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Wind turbines affect all: say opponents

Wind turbines affect everyone. Whether you live directly near one or not.

That was the message, given loud and clear at the West Lincoln/Glanbrook Wind Action Group (WLGWAG) information evening last Thursday.

(L to R) Pete Dehaan, Wendy Veldman, Deb Murphy and Anne Fairfield were just a few of the hundreds of residents who came out to the West Lincoln Glanbrook Wind Action Group information evening held last Thursday at Smithville Covenant Christian School.
(L to R) Pete Dehaan, Wendy Veldman, Deb Murphy and Anne Fairfield were just a few of the hundreds of residents who came out to the West Lincoln Glanbrook Wind Action Group information evening held last Thursday at Smithville Covenant Christian School.

It was a full house last Thursday as hundreds gathered at Smithville Covenant Christian School, many curious to hear how wind turbines will affect residents despite their distance from the Industrial Wind Turbine (IWT) developments.

“Most citizens who live in areas not directly impacted by IWT development believe that because of ‘distance from the development’ those developments do not affect them,” said Deb Murphy, WLGWAG co-chair.

That assumption couldn’t be further from the truth as the renewable energy program itself will continue to cost everyone a huge amount of money, Murphy explained.

The cost of hydro continues to rise, a result of Ontario’s Feed-in-Tariff contracts. The FIT program guarantees payment to wind projects, whether or not they make power.

The purported devaluation of the rural residences will result in a decrease of tax dollars being paid by those citizens, leaving other residents to make up the difference.

“Citizens living near wind developments are the only people in Ontario who do not have protection under the Environmental Act, the Municipal Act, the Canada Health Act, the Criminal Code s. 430.  If this type of elimination of citizen and environmental rights can happen for the renewable energy sector, what sector is ‘next’?” she explained.

The HAF Wind energy project’s five industrial wind turbines are now up along both sides of Sixteen Road. They are scheduled to be operational sometime next year. These are the first of many IWT’s planned for West Lincoln and the Niagara Region.

When Edward Engel and Anne Fairfield look out their window, they see wind turbines. The five wind turbines are located right near their West Lincoln property. They were completed last Tuesday.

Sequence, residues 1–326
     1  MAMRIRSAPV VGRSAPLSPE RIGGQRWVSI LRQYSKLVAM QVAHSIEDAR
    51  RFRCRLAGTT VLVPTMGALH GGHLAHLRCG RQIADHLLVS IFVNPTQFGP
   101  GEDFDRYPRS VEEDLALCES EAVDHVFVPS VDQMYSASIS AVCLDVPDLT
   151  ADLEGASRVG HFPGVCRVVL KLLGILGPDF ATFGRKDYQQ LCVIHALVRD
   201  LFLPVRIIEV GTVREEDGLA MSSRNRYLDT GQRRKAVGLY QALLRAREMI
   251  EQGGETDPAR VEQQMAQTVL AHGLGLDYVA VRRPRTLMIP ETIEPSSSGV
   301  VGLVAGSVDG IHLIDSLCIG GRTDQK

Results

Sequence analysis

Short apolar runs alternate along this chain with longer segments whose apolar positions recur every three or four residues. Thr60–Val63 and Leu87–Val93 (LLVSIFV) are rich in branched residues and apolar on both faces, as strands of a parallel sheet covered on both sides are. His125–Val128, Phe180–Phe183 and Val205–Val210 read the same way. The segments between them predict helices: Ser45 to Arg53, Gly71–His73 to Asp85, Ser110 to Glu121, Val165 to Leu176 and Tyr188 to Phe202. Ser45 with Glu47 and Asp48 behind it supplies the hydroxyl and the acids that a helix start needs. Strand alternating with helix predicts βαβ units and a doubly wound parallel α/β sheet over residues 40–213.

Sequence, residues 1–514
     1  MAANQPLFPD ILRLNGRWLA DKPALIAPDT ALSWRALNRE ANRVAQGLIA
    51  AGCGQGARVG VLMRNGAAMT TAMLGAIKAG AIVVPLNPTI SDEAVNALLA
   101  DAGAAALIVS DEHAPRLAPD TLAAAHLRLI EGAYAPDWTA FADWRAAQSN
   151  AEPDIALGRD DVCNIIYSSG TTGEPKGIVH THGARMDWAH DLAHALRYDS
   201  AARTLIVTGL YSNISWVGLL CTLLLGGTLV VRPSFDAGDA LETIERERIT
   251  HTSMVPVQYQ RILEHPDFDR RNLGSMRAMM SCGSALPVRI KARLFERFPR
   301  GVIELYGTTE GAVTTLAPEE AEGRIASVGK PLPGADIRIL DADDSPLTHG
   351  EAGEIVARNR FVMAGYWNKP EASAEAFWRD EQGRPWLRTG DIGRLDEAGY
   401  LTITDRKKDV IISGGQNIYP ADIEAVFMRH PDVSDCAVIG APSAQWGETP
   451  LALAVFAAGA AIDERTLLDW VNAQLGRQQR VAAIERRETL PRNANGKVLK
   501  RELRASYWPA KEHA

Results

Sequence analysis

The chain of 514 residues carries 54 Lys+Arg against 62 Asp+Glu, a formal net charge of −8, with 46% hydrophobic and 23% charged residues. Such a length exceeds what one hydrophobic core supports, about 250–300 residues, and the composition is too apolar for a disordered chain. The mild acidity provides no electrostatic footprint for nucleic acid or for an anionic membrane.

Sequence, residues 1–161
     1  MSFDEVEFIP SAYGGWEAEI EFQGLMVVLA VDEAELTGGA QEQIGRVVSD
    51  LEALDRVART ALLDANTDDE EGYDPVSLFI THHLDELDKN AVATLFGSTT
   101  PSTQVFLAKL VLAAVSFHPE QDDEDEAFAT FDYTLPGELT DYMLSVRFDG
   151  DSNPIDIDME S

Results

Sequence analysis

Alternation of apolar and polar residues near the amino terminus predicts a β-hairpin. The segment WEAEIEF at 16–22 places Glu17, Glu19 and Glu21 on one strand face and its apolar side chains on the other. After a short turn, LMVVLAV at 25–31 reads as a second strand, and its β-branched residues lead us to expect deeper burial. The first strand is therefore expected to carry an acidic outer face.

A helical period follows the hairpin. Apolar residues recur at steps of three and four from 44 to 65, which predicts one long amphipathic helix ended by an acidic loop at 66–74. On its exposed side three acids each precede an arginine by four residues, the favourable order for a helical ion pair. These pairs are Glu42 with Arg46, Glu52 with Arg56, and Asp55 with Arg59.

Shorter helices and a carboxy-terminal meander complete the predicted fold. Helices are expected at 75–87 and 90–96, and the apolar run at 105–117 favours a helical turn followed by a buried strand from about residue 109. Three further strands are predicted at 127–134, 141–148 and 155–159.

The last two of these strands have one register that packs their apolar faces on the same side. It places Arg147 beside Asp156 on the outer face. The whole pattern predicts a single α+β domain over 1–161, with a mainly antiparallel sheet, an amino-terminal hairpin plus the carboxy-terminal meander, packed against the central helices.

“It was a sad day for us,” said Anne.

“Seeing them is nothing compared to what will happen next year when they’re running.”

The couple isn’t giving up their fight. They are waiting for the tribunal to decide whether the Green Energy Act is constitutional or not. They have several appeals before the Environmental Review Tribunal regarding the Charter of Rights and Freedoms.

They are working in connection with their appeal for a decision that would tell Vineland Power Inc. to take down their turbines and stop Niagara Region Wind Corporation from proceeding with their project.

They have already spent over $25,000 on legal fees, paid for by donations. Anne said it is going take all of the community’s financial contributions to win this fight.

“You and your neighbours cannot hide from Industrial Wind Turbines in Smithville or any other urban centre,” Anne explained. “All of us everywhere are being affected with increased energy bills.”

IWT’s will cost all residents of West Lincoln, she said. Residents will have to pay higher property taxes due to reduced assessments and if you can see a IWT from your home, your property value will decrease, she warned residents.

“They may look simple, but they are very dangerous to your health and financial well-being,” Anne explained. “Your health, your safety, your wealth, your environment and this community are worth protecting now,” she said.

Another concerned resident Loretta Shields explained that studies conducted on the NRWC’s Natural Heritage Assessment report, reveal that several industrial wind turbines are sited within areas designated under the Official Plan for the Niagara region. The policy framework within the Official Plan is based on maintaining a healthy landscape throughout Niagara, while giving particular attention to natural features of special significance within the broader landscape.

This Core Natural Heritage System is an essential component of a healthy landscape.

She further explained that a comparison of the Natural Core Heritage map with the proposed locations of the NRWC’s industrial wind turbines shows that six  industrial wind turbines are being sited within the potential Natural Heritage corridors that connect the core natural areas.  One additional wind turbine is sited adjacent to this corridor.

She said that the wind proponent has acknowledges that the policies of an Official Plan may not specifically apply to the Project.

The community is encouraging municipal and regional councils to investigate this matter.

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